I totally understand that if a dog in my care or one of my own cause a disturbance when out hiking, the consequences go far beyond that particular incident. My dogs have never charged at a person, bit anyone, stole anyone's food, growled threateningly or other such behavior. I can only speak for myself, but I am also aware that if I came across someone who had concerns, they wouldn't know that. I concentrate my hikes now almost exclusively in areas where my dogs can be legally off leash, but I would be lying if I said I never hike in areas where by law they must be leashed. My dogs are a very positive reflection for other dogs and I make sure to put in the work to keep it that way.
                      Last edited by rbi99; 06-09-2022, 08:32 AM.
                      Are you hiding in the shadows - forget the pain, forget the sorrow.

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                      • #12
                        Where and what are rules and areas dogs can go unleashed?

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                        • #13
                          RBI99, I like dogs. If I didn't live in an apartment, I would have one. I will sometimes ask dog owners if I can pet their canine. But again, that goes to courtesy. I just don't go up to a strange dog and start trying to pet it. I keep myself in control until I get consent of the other human.

                          Ultimately, it doesn't matter if someone else likes dogs or not. If you keep your dog under control, there is no risk of someone else's figment of their imagination feeling threatened by it. (Spoiler alert: the scar on my arm is not a figment of my imagination)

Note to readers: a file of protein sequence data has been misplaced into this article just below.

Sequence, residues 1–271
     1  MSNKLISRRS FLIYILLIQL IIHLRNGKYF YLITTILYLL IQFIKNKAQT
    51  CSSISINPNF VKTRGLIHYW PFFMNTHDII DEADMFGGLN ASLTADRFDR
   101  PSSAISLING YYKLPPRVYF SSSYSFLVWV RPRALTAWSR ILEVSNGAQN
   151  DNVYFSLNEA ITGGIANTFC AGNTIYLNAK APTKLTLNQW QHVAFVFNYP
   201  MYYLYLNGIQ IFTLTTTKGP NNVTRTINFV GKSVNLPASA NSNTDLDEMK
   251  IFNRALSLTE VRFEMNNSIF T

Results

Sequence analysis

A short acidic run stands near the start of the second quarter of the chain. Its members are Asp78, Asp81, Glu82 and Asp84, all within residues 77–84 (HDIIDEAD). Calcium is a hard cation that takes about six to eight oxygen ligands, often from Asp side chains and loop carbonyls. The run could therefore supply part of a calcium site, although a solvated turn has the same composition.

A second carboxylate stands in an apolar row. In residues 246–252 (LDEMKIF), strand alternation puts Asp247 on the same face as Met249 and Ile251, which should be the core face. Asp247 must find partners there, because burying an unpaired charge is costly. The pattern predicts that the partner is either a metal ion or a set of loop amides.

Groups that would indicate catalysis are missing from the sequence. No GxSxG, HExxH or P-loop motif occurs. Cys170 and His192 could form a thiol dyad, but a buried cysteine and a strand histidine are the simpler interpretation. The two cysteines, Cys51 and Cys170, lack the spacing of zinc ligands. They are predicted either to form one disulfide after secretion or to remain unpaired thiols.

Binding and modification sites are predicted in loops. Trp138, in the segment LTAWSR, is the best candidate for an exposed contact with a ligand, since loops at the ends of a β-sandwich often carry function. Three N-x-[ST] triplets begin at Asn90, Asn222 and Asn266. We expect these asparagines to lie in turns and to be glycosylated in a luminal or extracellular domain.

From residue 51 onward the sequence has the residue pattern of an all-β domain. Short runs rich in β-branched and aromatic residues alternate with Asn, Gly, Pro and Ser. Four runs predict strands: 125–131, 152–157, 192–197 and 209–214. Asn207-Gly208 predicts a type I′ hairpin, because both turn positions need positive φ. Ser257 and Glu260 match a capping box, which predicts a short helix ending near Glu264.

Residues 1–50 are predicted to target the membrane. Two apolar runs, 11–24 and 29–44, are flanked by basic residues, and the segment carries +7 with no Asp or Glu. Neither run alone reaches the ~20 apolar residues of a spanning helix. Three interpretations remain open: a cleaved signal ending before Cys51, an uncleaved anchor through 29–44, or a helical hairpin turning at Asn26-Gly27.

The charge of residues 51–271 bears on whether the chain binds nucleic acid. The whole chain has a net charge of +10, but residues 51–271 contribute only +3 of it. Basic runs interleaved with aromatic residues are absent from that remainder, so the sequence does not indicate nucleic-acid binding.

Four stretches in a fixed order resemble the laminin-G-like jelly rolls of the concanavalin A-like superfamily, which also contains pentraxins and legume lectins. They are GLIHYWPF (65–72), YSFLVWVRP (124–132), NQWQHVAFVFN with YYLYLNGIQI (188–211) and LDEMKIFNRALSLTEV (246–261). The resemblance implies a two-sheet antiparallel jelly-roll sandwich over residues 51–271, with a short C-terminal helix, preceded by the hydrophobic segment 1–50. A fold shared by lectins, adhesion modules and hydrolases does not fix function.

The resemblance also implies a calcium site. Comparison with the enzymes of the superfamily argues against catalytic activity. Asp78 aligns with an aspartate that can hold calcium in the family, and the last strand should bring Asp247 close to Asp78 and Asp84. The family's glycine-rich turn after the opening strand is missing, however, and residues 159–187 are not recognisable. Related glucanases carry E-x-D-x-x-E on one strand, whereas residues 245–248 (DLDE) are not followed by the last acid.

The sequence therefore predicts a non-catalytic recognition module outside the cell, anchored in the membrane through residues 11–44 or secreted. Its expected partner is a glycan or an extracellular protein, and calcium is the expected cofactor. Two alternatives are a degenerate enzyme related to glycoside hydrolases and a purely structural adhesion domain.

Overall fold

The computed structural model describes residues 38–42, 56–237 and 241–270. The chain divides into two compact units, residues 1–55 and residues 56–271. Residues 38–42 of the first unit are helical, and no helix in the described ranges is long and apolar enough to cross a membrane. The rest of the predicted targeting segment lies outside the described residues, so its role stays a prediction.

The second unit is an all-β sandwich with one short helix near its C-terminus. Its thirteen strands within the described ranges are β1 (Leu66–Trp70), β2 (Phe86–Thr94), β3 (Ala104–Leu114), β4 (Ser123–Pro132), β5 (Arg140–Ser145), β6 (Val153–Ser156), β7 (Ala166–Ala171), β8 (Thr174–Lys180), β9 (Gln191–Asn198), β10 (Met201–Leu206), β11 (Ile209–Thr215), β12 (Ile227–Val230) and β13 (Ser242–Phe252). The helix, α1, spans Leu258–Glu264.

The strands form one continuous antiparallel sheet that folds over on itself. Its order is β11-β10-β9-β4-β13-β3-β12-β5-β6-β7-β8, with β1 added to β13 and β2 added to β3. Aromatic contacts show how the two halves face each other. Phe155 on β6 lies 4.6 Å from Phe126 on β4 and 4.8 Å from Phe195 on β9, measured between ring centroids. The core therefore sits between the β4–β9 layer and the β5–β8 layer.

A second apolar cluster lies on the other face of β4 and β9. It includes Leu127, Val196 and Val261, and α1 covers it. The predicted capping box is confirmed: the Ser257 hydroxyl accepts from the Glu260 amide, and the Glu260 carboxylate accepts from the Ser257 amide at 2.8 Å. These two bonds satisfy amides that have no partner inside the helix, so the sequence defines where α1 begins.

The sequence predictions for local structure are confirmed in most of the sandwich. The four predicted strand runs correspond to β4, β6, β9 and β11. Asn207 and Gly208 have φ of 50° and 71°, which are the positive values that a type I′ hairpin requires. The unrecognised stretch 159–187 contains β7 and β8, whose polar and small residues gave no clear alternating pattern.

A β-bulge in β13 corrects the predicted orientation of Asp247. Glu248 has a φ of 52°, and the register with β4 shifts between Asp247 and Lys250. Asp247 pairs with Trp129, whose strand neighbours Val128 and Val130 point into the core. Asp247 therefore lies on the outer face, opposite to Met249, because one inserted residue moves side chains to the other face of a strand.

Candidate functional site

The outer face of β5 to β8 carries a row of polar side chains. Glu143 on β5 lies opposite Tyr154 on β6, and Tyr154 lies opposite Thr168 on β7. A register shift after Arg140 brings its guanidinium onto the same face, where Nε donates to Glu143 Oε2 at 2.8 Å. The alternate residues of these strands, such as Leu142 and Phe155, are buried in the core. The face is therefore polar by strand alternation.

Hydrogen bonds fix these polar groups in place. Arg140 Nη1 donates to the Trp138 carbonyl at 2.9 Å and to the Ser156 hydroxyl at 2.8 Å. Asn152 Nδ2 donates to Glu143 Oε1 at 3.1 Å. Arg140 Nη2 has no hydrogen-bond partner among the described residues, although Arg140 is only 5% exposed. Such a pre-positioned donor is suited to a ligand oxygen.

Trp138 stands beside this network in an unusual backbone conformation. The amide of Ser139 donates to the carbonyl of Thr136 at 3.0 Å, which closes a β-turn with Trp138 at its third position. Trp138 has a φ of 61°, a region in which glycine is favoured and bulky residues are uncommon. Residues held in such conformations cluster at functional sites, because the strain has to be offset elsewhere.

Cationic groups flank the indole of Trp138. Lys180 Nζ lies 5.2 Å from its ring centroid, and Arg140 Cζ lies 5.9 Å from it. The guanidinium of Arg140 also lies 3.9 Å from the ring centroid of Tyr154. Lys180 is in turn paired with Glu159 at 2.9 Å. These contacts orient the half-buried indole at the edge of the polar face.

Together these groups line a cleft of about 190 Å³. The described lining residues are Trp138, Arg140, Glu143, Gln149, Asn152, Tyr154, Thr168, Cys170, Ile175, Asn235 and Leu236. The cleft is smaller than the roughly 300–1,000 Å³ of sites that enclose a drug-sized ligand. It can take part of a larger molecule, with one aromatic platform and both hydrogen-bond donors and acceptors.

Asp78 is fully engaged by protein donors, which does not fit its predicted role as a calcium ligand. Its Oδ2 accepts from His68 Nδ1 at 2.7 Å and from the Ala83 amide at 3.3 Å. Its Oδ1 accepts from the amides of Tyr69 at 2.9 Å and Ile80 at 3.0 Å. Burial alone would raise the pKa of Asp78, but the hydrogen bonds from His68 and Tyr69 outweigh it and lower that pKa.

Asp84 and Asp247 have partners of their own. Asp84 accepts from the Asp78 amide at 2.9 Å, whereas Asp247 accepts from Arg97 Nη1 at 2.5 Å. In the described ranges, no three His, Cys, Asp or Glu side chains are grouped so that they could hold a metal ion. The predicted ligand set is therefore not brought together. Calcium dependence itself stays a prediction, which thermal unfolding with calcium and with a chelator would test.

As one poster above mentioned, it's arrogant to assume that every person and dog is going to automatically like your (unknown to them) pooch charging at them so why bother keeping them in control.

                          At the end of the day, my point is: if the rules say leash your damn dog, then leash your damn dog. No excuses. No exceptions.

                          If the rules allow unleashed dogs, then at least make sure you dog is under control. No excuses.

                          I realize everyone posting here has perfectly behaved dogs and are perfect owners. Awesome! Recognize that not all owners live up to your exemplary standards.

                          I've had a charging dog try to jump me, get a face full of walking stick and then have the owner yell at me for "attacking" the canine. You don't think the reaction of the owner pissed me off even more than his lack of control?